From its founding, Shaker Village was planned as a highly-regulated residential district. Promotional literature distributed by the Van Sweringen Co. offered prospective land buyers the security of a community that existed outside the influence of the urban environment. A strictly defined and governed landscape promised safety and order in a village that was both designed and advertised as a contrasting vision to the City of Cleveland. The Kingsbury Building, designated a Shaker Heights Landmark in February of 1998, is an example of the small commercial zones that were integrated into this vision for the Van Sweringen's suburb. These centers of commerce were carefully designed to meet the needs of a growing population without undermining the residential character of the surrounding community.
In an era coinciding with the emergence of formal zoning, urban centers were characterized by their mixed use. Much of the urban core of Cleveland was a clutter of industry, homes, and commercial buildings. Those with the means to leave these polluted and congested spaces moved from the city center. Elite residential districts, most notably the row of mansions lining Euclid Avenue, found themselves susceptible to the continuing advances of the physical city. Little could be done to prevent Cleveland from swallowing these exclusive neighborhoods – homes were often converted into businesses or fell into disrepair. Within this context, the Van Sweringen Co. created a community that would stand the test of time through strict regulation. Standards imposed by the real estate developers were meant to ensure the financial soundness of land purchases in their utopian residential retreat.
The Van Sweringen Co. first busied themselves with promoting the development of amenities that would act as the foundation for their elite community, including schools, public transportation, green space, churches and recreational facilities. Apartments, industry, bars and corner shops were initially excluded due to their association with urban life. By the 1920s, however, the need for commercial structures and more diverse housing stock became apparent. The costly rapid transit system built by the Van Sweringens not only provided new opportunities for people to relocate to Shaker, but also necessitated a larger population to sustain its existence. The Van Sweringen Co. quickly integrated the development of apartments and business districts into their planned community. Staying true to their vision of a residential suburb, these structures were strategically placed on the outskirts of the community along heavily used transportation routes.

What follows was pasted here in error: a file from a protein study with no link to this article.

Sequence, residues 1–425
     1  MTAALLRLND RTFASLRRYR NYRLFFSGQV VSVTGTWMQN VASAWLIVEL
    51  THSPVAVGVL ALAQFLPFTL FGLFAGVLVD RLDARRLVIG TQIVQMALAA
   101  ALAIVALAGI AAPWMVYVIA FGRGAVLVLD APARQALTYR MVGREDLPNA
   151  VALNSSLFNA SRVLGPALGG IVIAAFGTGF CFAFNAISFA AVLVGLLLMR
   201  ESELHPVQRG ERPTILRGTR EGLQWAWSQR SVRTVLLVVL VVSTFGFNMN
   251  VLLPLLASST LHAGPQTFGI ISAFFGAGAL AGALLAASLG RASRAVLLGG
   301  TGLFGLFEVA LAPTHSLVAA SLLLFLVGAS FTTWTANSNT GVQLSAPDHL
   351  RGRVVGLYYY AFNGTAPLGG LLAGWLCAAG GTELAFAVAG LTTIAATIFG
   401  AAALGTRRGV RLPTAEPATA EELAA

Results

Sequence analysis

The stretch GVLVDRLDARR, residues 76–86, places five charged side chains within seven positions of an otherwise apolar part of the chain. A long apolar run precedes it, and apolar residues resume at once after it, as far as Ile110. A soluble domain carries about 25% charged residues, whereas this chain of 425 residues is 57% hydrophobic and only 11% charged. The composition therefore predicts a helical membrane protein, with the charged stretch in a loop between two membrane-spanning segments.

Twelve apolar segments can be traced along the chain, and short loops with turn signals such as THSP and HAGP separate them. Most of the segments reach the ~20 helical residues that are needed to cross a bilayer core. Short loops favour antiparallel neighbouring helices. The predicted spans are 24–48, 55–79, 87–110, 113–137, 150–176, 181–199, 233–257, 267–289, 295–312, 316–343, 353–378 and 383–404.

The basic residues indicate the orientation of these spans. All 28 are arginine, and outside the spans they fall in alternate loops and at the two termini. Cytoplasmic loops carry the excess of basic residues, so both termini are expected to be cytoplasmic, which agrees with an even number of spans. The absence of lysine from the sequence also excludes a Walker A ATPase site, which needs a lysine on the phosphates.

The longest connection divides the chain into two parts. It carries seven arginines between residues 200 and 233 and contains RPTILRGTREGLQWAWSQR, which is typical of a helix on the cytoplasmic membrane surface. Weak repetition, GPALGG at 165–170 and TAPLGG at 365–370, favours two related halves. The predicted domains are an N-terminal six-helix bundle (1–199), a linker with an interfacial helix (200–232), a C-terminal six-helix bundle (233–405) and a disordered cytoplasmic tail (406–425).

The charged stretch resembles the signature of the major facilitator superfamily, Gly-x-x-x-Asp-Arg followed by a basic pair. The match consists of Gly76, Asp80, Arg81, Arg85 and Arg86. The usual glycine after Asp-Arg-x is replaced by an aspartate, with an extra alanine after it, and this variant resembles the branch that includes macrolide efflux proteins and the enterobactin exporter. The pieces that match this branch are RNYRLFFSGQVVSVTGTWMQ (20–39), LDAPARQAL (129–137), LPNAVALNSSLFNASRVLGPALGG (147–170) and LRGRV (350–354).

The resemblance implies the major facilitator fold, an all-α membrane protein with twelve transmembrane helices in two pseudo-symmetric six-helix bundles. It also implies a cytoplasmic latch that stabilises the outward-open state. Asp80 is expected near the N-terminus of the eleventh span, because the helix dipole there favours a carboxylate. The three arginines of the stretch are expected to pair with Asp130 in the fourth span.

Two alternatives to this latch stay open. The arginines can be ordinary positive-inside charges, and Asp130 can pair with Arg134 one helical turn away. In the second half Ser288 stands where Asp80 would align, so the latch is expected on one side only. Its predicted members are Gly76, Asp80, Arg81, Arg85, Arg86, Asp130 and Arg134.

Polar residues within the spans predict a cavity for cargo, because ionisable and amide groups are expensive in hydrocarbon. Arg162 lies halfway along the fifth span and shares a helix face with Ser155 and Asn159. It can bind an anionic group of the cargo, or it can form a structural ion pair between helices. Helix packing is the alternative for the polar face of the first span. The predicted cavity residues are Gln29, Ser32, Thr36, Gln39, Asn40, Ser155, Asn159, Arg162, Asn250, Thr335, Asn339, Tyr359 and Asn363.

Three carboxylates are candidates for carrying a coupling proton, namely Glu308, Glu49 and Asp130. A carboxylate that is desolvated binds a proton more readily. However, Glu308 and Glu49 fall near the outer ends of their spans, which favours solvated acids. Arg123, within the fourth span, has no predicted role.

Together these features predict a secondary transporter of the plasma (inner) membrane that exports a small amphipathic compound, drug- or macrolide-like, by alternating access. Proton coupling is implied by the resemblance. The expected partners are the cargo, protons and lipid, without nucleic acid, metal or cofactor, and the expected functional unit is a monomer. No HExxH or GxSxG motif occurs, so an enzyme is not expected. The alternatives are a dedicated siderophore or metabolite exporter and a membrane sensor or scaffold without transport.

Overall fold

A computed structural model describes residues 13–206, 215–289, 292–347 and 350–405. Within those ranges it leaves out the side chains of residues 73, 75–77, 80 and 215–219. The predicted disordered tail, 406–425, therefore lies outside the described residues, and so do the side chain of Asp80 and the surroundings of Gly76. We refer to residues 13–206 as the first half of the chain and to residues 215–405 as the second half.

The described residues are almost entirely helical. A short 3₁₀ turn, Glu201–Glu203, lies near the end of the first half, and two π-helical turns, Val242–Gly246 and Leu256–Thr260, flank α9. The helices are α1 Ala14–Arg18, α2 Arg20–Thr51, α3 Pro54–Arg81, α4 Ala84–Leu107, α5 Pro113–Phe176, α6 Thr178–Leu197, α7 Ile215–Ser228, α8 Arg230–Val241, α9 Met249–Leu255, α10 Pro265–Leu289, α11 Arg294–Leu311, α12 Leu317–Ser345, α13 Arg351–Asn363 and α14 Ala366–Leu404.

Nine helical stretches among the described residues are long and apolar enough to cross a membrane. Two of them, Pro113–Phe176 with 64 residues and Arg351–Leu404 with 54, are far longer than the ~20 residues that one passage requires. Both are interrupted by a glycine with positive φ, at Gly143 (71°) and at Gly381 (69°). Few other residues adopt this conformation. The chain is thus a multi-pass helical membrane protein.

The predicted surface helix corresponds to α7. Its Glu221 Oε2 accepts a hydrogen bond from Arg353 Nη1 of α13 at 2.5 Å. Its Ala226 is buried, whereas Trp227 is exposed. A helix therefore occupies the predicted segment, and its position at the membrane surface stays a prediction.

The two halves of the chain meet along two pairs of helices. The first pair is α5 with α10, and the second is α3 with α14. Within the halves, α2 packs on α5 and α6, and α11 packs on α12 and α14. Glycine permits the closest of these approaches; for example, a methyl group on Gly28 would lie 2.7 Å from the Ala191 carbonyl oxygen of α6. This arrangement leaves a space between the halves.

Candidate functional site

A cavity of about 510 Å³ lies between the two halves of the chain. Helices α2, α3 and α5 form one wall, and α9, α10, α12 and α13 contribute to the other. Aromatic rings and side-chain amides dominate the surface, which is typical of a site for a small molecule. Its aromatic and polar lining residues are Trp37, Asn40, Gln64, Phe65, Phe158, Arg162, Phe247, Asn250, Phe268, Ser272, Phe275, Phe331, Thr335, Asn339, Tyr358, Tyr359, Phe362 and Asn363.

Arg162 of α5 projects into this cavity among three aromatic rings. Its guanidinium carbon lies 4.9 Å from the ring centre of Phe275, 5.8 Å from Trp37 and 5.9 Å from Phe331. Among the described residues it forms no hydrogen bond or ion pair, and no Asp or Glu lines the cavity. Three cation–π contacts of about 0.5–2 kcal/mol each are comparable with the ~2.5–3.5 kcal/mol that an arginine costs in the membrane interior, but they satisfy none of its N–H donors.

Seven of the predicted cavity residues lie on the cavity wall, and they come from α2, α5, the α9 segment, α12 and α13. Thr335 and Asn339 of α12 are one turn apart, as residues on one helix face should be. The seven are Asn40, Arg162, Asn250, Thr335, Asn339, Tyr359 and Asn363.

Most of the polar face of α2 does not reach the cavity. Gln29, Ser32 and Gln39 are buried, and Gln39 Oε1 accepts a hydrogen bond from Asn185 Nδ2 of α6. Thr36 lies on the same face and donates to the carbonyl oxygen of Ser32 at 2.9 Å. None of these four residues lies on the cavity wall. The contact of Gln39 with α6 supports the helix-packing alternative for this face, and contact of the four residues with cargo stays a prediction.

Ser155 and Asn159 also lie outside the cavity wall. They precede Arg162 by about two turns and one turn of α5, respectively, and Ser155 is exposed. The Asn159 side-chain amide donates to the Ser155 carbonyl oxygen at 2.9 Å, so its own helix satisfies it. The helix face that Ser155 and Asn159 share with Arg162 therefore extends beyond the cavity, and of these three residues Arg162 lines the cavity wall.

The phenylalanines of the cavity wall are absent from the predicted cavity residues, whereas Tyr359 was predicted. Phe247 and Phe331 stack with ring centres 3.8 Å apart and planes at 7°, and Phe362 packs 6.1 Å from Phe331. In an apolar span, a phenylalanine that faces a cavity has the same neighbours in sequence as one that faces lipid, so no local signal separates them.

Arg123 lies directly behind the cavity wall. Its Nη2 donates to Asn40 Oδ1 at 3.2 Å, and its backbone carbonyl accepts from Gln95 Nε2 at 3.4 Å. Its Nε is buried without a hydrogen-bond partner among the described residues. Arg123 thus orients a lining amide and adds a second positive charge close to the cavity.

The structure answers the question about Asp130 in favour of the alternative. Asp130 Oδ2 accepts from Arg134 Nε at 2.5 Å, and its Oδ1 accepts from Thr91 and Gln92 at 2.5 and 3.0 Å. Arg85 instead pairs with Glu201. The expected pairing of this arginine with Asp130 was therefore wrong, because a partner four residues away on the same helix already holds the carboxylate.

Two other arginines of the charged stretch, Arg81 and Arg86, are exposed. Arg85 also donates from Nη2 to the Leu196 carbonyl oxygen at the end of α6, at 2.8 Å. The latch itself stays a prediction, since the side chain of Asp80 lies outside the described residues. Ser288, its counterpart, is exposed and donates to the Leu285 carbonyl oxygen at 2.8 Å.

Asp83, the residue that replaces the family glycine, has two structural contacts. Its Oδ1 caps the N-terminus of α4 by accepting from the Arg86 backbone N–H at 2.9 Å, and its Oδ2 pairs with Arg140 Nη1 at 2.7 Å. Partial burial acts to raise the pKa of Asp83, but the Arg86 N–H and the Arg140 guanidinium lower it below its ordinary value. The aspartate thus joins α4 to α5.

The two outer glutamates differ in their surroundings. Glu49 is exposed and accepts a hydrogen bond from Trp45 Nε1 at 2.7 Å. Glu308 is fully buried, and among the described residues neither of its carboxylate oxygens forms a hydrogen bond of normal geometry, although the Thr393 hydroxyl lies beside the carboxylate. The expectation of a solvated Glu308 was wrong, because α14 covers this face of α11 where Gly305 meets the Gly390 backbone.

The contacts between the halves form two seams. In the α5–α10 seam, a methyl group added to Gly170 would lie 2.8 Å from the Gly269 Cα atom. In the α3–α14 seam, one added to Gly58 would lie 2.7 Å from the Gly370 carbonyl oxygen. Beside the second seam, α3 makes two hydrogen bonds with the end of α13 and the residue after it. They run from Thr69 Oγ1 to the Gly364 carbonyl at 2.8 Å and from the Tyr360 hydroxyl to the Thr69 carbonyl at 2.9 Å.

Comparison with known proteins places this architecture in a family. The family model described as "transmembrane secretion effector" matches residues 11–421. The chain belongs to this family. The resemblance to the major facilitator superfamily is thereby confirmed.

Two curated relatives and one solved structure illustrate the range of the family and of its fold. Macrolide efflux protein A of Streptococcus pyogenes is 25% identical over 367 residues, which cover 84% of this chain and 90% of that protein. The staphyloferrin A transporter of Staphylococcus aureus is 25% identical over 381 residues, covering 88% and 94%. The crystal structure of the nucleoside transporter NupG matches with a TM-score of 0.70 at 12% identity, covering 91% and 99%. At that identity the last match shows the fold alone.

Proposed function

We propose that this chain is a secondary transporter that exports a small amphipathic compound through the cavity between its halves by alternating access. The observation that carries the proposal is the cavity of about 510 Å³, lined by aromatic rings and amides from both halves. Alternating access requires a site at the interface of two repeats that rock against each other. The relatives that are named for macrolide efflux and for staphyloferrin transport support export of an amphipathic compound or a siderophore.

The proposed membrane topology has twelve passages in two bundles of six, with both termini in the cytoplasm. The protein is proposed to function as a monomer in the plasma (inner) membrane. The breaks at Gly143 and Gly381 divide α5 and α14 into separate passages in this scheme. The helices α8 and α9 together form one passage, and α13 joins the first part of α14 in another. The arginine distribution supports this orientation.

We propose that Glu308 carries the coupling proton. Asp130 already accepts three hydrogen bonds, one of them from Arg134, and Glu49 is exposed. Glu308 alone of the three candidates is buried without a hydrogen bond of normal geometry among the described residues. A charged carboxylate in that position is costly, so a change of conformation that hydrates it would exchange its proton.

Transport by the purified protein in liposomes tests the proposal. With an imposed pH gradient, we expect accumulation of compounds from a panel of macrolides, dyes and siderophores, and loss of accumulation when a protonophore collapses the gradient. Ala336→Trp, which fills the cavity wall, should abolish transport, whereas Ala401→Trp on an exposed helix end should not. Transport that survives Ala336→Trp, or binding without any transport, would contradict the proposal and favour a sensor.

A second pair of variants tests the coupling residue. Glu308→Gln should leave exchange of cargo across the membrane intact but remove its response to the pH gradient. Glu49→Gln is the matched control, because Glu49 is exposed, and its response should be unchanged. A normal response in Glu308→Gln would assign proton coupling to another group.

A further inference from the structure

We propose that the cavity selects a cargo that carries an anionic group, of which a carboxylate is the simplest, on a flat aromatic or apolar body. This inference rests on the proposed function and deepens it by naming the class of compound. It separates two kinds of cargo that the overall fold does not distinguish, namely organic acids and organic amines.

The Kingsbury Building was one of the early commercial structures and apartment buildings in Shaker Heights. The self-contained business district was conceived and designed using similar standards as those imposed by the Van Sweringen Co. upon residential construction. Erected by the Leemore Company between 1926-1927 at what is now 3427-55 Lee Road, the prestigious architectural firm of Walker and Weeks was employed to design the multipurpose building. Similarly to other commercial structures concurrently being constructed at Shaker Square, the Kingsbury Building was designed in the Tudor style. Prominently located at the intersection of Moreland Boulevard (now Van Aken) and Lee Road, the angled corner building presented a unified vision from the front with its recessed entrances and symmetrical design. Bounded by comparatively smaller residential lots on the southern edge of the city, the business district was placed near a Rapid station and away from more prestigious residential neighborhoods. The three-story edifice provided space for ten storefronts, eight offices and sixteen apartments.
During the early years of growth in Shaker, the Kingsbury Building was one of only a few locations where residents could purchase commercial goods and employ professional services. Early tenants included the Fisher Bros. Co., a jewelry shop, a beauty shop, a florist, the Village Drug Store, the Shaker Heights Electric Co., a fruit shop, a shoe repair shop, a dry cleaner, a delicatessen, and the Western Union office. Offices were regularly occupied by dentists, physicians, and real estate agents.
While the Kingsbury Building was an inevitable response to the needs of a growing population, its form, placement, and usage were dictated by the standards created by Shaker Height's developers. In this manner, the Van Sweringen Co. promoted growth and provided conveniences to the residential community while maintaining their promise to keep the influences of the city at bay.